CHARACTERS WELCOME: Remy Stern loves characters. If they’re rich, powerful or an occupant in a tony Park Avenue high-rise, he’s profiled them on Cityfile.com, a Wikipedia-style encyclopedia on New York’s 2,000 or so most powerful people. “It’s taking this occasionally invasive look at the city’s power players, but also bringing some news value,” said Stern, who previously worked at New York magazine and Radar.com. Though it aggregates news stories from other sites, one such news story Cityfile broke has been the romance between Vanity Fair contributor Michael Wolff and intern Victoria Floethe. The site exposed the tryst in late February, and by March, mainstream outlets hopped onto the story. By the end of the month, Wolff confirmed to the New York Post that he and his wife were splitting, and now both he and Floethe are scrambling to defend their side of the story. Floethe penned a personal essay in The Spectator UK, and Wolff is supposedly penning one for Vanity Fair.
Aside from the daily news feed on activities of New York socials, the site categorizes its players into piquant classifications, among them “gun license,” “puppy killer” and “Zulu speaker” (Andrew Robertson, chief executive of ad agency BBDO Worldwide, is that category’s lone member). Launched last summer with a “low-six-figure investment, mostly borrowed from friends and family,” said Stern, Cityfile.com is now averaging 1 million page views a month and 300,000 unique visitors, and just hired an ad sales executive to sell advertising on the site (it had used an ad network to rope in advertising since the launch).
While Cityfile.com is one of many Web sites devoted to the lifestyles of the rich and famous — aside from the plethora of information available on Facebook, MySpace, Wikipedia and Google — Stern argues his Zagat-influenced listings provide more researched data. Cityfile’s listings include ethnic lineage, sexual preference, physical handicaps, board memberships, marital history and where the subject owns a pilot’s license. Where does he get his data? He and two staffers scour court documents, criminal records and other legal databases to gather information. “He’s a real old-school journalist,” said Radar founder Maer Roshan. For example, Stern recently waded through New York State Cosmetologist License files to see if there were any $800-per-cut stylists who had failed to renew their credentials. “You’ll be happy to know that Sally Hershberger and Frédéric Fekkai have all paid up their N.Y. State license,” Stern pointed out.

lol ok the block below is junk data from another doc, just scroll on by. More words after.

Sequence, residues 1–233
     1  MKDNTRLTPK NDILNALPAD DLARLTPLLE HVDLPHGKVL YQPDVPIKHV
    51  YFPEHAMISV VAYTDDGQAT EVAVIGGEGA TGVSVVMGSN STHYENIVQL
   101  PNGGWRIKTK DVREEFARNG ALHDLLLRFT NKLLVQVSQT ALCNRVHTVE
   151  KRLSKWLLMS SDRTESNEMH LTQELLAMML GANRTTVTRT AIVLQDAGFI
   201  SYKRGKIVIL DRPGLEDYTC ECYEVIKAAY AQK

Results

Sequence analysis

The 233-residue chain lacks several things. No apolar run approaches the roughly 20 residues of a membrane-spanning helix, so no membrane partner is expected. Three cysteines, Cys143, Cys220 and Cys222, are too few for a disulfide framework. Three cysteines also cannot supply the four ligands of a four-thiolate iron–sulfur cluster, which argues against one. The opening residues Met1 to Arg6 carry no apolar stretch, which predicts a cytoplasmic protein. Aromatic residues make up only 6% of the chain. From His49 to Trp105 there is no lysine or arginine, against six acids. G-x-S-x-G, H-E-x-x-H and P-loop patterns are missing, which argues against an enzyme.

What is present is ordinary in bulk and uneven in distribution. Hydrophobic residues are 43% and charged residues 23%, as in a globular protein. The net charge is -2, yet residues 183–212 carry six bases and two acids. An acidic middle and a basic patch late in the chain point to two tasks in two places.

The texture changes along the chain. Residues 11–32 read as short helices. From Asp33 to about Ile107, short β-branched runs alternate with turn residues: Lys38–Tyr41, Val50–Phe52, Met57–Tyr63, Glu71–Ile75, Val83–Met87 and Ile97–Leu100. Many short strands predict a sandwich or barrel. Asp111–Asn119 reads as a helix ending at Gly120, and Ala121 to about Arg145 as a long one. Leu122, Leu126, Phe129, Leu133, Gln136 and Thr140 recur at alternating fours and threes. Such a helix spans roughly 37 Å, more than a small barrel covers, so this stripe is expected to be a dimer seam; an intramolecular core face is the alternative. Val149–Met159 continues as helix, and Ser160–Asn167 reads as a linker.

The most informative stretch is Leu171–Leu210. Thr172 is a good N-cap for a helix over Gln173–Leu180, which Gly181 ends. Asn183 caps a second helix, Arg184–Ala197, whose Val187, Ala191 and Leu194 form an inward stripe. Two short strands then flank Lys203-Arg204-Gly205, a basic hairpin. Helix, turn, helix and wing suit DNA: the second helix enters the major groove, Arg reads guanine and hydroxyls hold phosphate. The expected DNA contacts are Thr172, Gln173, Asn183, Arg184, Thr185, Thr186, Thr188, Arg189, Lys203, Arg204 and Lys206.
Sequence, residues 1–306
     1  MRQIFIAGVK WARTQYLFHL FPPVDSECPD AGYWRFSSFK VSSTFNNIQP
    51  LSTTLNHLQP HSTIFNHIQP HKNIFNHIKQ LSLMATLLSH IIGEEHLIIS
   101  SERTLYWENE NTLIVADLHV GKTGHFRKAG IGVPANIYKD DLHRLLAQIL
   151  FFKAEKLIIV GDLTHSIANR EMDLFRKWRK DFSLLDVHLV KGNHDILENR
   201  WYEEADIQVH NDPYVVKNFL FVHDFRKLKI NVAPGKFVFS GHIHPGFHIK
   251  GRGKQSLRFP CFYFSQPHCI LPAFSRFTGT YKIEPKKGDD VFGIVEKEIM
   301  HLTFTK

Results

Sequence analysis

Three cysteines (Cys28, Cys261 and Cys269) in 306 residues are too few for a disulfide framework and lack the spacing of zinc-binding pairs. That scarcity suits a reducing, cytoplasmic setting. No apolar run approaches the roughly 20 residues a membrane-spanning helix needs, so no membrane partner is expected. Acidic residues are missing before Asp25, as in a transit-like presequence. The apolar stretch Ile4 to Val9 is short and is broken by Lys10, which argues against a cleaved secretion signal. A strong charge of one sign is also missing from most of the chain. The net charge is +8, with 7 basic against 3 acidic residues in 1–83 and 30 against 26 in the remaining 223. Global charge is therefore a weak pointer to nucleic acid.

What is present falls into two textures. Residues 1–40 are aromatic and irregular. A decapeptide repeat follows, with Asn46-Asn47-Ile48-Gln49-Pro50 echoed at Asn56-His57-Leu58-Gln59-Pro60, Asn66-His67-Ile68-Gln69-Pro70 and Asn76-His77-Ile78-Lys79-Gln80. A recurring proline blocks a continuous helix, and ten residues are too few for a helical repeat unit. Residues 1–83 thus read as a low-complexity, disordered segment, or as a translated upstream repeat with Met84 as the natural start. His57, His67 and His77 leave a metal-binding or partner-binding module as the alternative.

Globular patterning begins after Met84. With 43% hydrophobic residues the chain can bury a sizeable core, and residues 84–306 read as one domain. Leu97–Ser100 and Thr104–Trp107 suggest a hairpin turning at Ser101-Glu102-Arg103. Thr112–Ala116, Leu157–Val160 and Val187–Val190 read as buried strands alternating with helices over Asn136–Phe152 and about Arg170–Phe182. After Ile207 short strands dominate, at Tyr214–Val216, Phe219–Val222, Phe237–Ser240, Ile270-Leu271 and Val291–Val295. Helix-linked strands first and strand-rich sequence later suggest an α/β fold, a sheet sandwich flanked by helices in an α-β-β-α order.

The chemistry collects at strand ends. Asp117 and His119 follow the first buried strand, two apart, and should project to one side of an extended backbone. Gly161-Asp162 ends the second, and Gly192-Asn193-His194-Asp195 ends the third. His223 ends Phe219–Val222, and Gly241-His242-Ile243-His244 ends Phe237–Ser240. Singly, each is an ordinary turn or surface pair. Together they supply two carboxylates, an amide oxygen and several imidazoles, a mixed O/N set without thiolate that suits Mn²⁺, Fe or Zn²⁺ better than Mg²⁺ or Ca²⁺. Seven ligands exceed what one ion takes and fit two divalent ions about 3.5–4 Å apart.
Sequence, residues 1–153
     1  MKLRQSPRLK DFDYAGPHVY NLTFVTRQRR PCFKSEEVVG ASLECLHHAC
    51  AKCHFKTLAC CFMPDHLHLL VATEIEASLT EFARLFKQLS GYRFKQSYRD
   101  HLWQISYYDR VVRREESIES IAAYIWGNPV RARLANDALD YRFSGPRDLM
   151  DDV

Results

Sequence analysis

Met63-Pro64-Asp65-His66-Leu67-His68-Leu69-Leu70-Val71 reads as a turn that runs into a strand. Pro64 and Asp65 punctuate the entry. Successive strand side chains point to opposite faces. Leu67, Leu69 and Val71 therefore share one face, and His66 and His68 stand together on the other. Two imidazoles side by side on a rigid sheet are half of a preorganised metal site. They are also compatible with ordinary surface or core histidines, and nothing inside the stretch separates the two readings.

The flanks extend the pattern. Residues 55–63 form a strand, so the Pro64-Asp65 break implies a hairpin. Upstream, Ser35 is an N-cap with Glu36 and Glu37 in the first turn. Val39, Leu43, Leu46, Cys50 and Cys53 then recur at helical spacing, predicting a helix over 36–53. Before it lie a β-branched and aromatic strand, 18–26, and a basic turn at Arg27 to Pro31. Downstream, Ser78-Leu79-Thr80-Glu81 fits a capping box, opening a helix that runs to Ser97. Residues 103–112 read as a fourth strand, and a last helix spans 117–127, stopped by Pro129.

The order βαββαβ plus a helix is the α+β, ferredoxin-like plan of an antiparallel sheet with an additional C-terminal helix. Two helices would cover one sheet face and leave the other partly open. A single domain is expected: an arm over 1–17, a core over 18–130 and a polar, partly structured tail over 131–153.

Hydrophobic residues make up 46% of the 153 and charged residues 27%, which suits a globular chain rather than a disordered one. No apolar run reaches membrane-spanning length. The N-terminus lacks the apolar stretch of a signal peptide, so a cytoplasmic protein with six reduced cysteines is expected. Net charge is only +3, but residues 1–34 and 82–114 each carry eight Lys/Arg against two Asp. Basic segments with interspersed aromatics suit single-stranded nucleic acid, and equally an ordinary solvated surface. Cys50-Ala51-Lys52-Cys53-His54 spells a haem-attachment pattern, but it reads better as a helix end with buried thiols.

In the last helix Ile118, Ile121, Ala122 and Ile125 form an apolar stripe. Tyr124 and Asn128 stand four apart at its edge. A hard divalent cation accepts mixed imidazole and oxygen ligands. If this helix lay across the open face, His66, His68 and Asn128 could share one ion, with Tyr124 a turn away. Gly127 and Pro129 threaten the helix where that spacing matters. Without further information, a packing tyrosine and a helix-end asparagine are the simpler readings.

Gotham players aren’t the only personalities Stern follows. In his recently released book “But Wait… There’s More!,” he takes a look at the wacky personalities of the infomercial business, and muses on the rise of the multimillion-dollar business that has birthed the Ab Roller, OxiClean and the Snuggie.
Stern’s obsession with infomercials led him to delve into the world in which Sean “Puffy” Combs is a beauty expert, Eric Estrada is a real estate pro and Los Angeles-born Youree Dell Harris can read your future for $3.99 a minute as a Jamaican psychic named Miss Cleo. In the book, Stern reveals the strategies behind the TV sales pitch, including verbal, psychological and visual tricks manufacturers use to persuade TV viewers to buy while supplies last. There’s a reason Proactiv products were displayed against a background of running water — since most consumers believe acne products dehydrate the skin, placing the product near water conveys the idea of hydration, Stern writes.
He also profiles infomercial kings including Bill Guthy and Greg Renker, founders of Guthy-Renker, the company that introduced Proactiv to the world. “There’s an overlap between the porn and the infomercial business,” said Stern, who has purchased “as seen on TV products” the Juiceman and Proactiv. Infomercial celebrities and porn actors “never really made it big in their industry; they never find Oscar glory. They’re both the ugly stepchildren of mainstream entertainment,” he said. The production teams that film the ads often work in sets for X-rated films, he contends, and both have industry conventions and Oscar-style awards shows: “There’s a trophy. The winners thank God. It’s their attempt to bring that Oscar kind of glam to an awards show honoring garden shears.”